Similarly, many members of the second group seek precisely to deal effectively with the shadow of those serve or are in the thrall of the Dark.  Typically these people prefer to have their experience devoid of what might playfully be called "martial arts & crafts", "dead patterns and tippy tap drills" and the like. 

And there is a third group  --those who prefer a blend and a balance of the preceding two archetypes.  Personally, this is where I find myself-- in search of the totality of ritual and reality.

Because it contains unique questions, let us turn to matters that pertain specifically to the Reality end of the spectrum and its denizens--  the Protectors.  As I get older I have come to appreciate with greater depth than before the moral complexities of teaching the reality dimension of a weapons oriented martial art that originated in jungle warfare.  I sometimes joke about how I used to be a lawyer, but decided to go for the big bucks in Real Contact Stickfighting-- the meaning of course being that there really is not very much money in this path.  Although it is my profession, I am not a mercenary.  I do it because I believe in it as part of my path in walking with our Creator. 

And because I believe in it I respect the power of its shadow.  There ARE people for whom this Art is not intended.  The reality dimension of this Art is for those who serve the various paths of the Heart-- those who seek to Protect. 
The people for whom this Art is not intended I organize into three basic categories:
1)   The emotionally unsound and/or immature;
2)   Criminals;
3)   Enemies of Respect, Reason, and Reciprocity e.g. Islamo-fascists and others of this meme.

First, concerning the emotionally unsound it is my belief that teaching applied knife awakens some very dark energy, perhaps much more so than a gun.  In a sound Protector awareness of this energy and be able to tap into it is a good and necessary thing, but in the emotionally unsound or immature the consequences can be tragic.  For a fuller discussion of this point, see the clip titled “Rambling Ruminations: Knife” at

Second, obviously criminals (In defining criminality, I do distinguish malum per se from malum en prohibitum in this regard) also should not receive this training. 

Turning to the third category, I’d like to share a little story.  In the year 2000 I received an email that in a simple sentence of imperfect English asked me to teach knife to his group.  I responded by asking who he was.  “a syrian kickboxing club” he replied.  I did not respond further.  In the aftermath of 911 I remember reading that some of the hijackers had received close quarter combat training from a American martial arts instructor (in Florida if I remember correctly) and wondered if the group that had approached me was part of the same conspiracy.  Since then I have had a couple of other incidents wherein I was left wondering if someone had been pinging me.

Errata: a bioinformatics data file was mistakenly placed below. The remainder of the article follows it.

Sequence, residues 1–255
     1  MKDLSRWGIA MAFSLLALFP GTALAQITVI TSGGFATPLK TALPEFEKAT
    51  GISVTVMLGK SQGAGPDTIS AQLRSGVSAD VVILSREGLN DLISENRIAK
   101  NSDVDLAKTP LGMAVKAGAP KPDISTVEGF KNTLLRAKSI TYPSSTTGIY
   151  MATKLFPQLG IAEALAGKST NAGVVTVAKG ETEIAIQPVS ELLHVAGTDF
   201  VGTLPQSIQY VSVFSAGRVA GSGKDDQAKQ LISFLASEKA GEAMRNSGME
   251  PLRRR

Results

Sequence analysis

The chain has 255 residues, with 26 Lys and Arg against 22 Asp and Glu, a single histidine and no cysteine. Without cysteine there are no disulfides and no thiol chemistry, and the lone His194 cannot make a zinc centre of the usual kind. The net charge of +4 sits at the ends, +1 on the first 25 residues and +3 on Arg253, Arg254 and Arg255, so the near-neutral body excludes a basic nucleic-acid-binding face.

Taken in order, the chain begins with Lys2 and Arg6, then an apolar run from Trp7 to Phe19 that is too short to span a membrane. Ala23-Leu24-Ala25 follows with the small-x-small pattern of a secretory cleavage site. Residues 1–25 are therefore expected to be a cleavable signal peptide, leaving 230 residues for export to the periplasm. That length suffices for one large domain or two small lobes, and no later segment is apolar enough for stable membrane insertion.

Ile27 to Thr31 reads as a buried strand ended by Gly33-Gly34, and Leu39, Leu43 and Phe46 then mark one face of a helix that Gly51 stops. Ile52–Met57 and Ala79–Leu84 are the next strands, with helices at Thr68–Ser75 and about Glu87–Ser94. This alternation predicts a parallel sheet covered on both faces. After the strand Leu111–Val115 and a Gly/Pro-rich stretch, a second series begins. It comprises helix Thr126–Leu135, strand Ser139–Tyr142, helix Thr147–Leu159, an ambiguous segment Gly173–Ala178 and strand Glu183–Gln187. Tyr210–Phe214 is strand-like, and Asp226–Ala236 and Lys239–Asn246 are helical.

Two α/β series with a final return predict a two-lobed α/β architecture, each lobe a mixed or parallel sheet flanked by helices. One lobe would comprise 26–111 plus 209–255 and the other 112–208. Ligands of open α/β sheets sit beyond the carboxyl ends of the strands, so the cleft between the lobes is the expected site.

I mention these things to give a sense of where I’m coming from with regard to security issues.  Yes, I know that with a knife what matters most is the will and the understanding of how to use it.  Yes, I know that plenty of people out there are teaching really deadly knife technique.  Yes, I know that most people have access to guns and that again, and again, that what matters most is the will and understanding of how to use it.  I know this!  I know this!

To the extent that what we offer is generic, I suppose it is relevant to note that “everyone else is doing it”—although even that doesn’t really suffice morally or spiritually.  And to the extent that what we offer is not commonly found, and I think it is, we need to look to ourselves to determine right action, not to others.

The criterion I use when teaching our Reality material (known variously as “DLO: Die Less Often” and “IGKEH Interface of Gun, Knife and EH”) to the general public be it through our DVDs or personal instruction is to avoid teaching things that will improve the level of the bad guys—the thugs.  For example, in DLO 1 we show the good guys something that thugs typically do— the “prison sewing machine” and what we think is a good way to solve both it and empty handed attacks on the same lines.  In the DVD we most certainly sought to provoke awareness of the dangers of this kind of attack, but by so doing we did not raise the level of thugs—they already know how to do this after all —but sought to raise the awareness of good people to what we believe to be a primal reality of knife attacks.